05/17/2007, 00.00
JAPAN
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The “stork’s nest”, a Catholic hospital initiative

by Pino Cazzaniga
It’s an incubator where new born babies can be left without the parents being seen. But on the first day a three year old child was deposited. Controversy from certain quarters which maintain the State should take charge of childcare issues.

Tokyo (AsiaNews) – It has been named “the storks nest”, the incubator which allows parents to leave new born babies without being seen.  Operative since May 10th in Jikei Catholic hospital in the city of Kumamoto (Kyushu) the “nest” (see photo) is accessed from outside through a small door measuring 45 centimetres by 60: once the bundle has been deposited, personnel from the paediatric ward averted by a signal, withdraw the baby and attend its needs.

This initiative, the first of its kind in Japan, has been subject to criticism, above all from the central government who sees it as encouraging the abandonment of new born babies.  In Tokyo, Prime Minister Shinzo Abe stated that he wants “parents to consult the government and local authorities before they decide to give up their child”, and Yasushisa Shiozaki, cabinet secretary general commented: “Fundamentally parents must raise their new born”, adding that “It is the governments duty to offer some help to those parents who for some reason find themselves unable to care for the child”.

What has given rise to these controversies was the shocking find of a three year old boy in the “nest” the very day of its inauguration.  

Public opinion however seems to be of a different mind.  The day it was opened the hospital was overwhelmed by telephone calls applauding the initiative and enquiring as to the treatment of the new born babies.   The “stork’s nest” is in fact only a part of a broader childcare programme.  The hospital has formed a special staff team set to intervene not only in emergency cases but who will also follow adoption or foster cases.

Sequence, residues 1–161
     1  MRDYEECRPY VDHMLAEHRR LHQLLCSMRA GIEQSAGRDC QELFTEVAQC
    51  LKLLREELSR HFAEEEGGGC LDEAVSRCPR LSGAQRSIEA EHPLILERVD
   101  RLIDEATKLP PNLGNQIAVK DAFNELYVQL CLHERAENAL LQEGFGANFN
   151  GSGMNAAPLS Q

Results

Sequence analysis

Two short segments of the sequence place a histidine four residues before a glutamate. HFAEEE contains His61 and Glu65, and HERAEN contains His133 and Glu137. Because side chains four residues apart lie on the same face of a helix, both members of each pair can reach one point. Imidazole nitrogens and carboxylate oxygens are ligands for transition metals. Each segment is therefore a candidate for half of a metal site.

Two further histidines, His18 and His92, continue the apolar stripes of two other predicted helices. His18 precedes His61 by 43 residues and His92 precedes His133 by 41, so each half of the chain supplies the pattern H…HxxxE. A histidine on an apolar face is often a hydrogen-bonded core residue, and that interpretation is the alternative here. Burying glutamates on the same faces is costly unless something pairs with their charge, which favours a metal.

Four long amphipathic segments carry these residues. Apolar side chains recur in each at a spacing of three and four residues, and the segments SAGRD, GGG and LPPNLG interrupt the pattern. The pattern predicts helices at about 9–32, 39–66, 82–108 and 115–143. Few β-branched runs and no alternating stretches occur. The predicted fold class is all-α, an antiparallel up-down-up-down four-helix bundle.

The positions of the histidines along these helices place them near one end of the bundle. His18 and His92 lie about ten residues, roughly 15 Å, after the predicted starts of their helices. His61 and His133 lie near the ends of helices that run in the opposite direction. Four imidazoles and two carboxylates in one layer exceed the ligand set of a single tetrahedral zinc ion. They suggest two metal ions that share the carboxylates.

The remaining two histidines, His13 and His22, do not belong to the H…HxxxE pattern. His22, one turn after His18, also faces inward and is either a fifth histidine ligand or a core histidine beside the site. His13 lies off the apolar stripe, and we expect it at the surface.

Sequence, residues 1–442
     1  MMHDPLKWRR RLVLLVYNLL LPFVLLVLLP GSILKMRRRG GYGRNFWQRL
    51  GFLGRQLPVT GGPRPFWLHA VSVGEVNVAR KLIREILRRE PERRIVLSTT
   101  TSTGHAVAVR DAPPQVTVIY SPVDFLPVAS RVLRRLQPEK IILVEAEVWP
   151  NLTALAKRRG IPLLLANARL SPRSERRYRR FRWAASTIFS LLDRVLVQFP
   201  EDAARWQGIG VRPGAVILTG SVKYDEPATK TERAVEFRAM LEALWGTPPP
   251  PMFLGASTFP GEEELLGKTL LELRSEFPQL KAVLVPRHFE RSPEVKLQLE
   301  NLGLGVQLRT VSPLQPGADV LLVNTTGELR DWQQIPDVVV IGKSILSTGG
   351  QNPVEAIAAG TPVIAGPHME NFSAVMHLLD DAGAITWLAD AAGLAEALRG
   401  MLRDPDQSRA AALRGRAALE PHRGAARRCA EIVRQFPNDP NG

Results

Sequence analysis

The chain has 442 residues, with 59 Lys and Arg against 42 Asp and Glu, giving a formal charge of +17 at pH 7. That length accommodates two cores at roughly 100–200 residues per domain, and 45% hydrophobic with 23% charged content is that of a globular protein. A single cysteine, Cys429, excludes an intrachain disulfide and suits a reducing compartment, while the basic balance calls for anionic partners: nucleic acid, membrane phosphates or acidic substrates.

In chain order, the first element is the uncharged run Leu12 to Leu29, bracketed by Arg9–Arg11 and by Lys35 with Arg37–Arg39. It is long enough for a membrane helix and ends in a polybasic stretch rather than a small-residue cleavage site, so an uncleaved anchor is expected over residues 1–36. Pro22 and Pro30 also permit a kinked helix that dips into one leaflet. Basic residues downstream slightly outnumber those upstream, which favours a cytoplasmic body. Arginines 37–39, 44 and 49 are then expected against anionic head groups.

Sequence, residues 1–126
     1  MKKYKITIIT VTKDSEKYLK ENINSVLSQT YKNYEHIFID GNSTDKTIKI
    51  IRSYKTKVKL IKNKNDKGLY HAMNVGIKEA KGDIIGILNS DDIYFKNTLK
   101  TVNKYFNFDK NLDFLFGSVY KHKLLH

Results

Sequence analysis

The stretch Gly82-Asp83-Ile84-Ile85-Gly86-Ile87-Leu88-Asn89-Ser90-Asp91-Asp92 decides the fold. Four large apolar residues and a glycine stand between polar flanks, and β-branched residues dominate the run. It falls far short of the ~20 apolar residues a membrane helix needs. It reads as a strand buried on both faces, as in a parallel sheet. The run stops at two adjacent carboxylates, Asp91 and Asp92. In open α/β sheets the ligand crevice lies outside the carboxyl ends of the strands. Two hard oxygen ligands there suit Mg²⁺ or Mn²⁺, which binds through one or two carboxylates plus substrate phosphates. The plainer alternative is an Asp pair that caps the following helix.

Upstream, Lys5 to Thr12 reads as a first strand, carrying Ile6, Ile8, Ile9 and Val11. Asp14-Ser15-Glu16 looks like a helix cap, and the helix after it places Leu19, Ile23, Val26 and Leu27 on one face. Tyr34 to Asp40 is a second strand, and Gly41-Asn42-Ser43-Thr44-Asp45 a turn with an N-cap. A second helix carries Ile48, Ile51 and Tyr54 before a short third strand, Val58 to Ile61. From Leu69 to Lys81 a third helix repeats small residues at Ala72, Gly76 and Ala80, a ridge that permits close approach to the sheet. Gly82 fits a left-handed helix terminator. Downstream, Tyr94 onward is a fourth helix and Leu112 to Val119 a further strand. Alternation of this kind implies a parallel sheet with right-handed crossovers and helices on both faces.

The driving force behind the initiative is the hospital director, Taiji Hasuda. Convinced of the need and benefit of such a project, he carefully prepared the programme inspired by an analogous one in Germany.  Once he had received backing from the local authorities he pushed ahead with it.   In an interview given on the day the project was launched he said he was joyful but at the same time anxious. “I would hope that this structure will eventually develop into a consultancy centre”.  In fact beside the small window an intercom has been installed for inquiries and a childcare pamphlet has also been carefully prepared, listing existing consultancies.  “I am well aware – he added – that there are those for and against this programme.  But saving the lives of new born babies is far more important”.

Kumamoto mayor, Seishi Koyama, who authorized the programme told a press conference that the city is prepared to cooperate fully with the hospital in the initiative, adding however that “Japanese society should aim to reach a state where structure such as “the storks nest” are no longer necessary”.

Further heightening discussion around the project was the discovery of a three year old boy in the “nest”, three hours after it was declared operative.

There were no identifying documents on the child.  He told of how he was brought to the hospital by his father after a journey on the “bullet train”.  Hospital authorities, who have informed the police, did not immediately make the story public, in attempts to protect the rights of the child.   But journalists had no such qualms.  The news has further divided public opinion.

Dr. Hasuda has refused to comment on the issue, which would undermine the professional code of conduct.   Mayor Koyama has declared that the city government has not changed its position regarding the initiative, but has underlined that parents with difficulties must first and foremost turn to public advice centres.

Severe judgements regarding the parent’s irresponsibility along with criticism of the project have arrived from the central government; “This situation is highly upsetting” said cabinet secretary, Shiozaki, and public health minister, Hakuo Yanagisawa, has defined the parent’s abandonment of their three year old child as “unforgivable”. 

But the daily paper Asahi has underlined that Kumamoto’s Jikei hospital first starter the “stork’s nest” to save the life of new born babes and to dissuade pregnant women from opting for abortion.  Professor Shiro Takahashi of Misei University wrote: “If we are really talking about protecting the life of the new born, then we must admit that the “Stork’s nest” initiative is the right approach.   But in so far as this case is not about a new born, then the public’s concern is justified.  I am not against the project, but I do feel that we as a society must create a childcare support system for parents”.

 

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